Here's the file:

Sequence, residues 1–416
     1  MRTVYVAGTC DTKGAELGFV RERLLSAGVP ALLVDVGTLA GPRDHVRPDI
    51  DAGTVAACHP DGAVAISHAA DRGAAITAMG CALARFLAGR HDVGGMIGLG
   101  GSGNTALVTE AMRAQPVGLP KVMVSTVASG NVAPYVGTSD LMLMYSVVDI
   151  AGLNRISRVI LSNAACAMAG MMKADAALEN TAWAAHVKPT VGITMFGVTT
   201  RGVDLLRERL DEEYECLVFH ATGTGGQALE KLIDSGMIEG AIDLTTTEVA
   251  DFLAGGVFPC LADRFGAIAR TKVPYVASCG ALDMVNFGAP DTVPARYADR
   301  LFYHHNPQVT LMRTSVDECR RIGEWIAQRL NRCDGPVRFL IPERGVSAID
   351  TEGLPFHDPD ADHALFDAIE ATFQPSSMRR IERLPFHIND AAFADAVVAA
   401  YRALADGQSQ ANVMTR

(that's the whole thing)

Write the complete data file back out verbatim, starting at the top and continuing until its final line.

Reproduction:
Sequence, residues 1–416
     1  MRTVYVAGTC DTKGAELGFV RERLLSAGVP ALLVDVGTLA GPRDHVRPDI
    51  DAGTVAACHP DGAVAISHAA DRGAAITAMG CALARFLAGR HDVGGMIGLG
   101  GSGNTALVTE AMRAQPVGLP KVMVSTVASG NVAPYVGTSD LMLMYSVVDI
   151  AGLNRISRVI LSNAACAMAG MMKADAALEN TAWAAHVKPT VGITMFGVTT
   201  RGVDLLRERL DEEYECLVFH ATGTGGQALE KLIDSGMIEG AIDLTTTEVA
   251  DFLAGGVFPC LADRFGAIAR TKVPYVASCG ALDMVNFGAP DTVPARYADR
   301  LFYHHNPQVT LMRTSVDECR RIGEWIAQRL NRCDGPVRFL IPERGVSAID
   351  TEGLPFHDPD ADHALFDAIE ATFQPSSMRR IERLPFHIND AAFADAVVAA
   401  YRALADGQSQ ANVMTR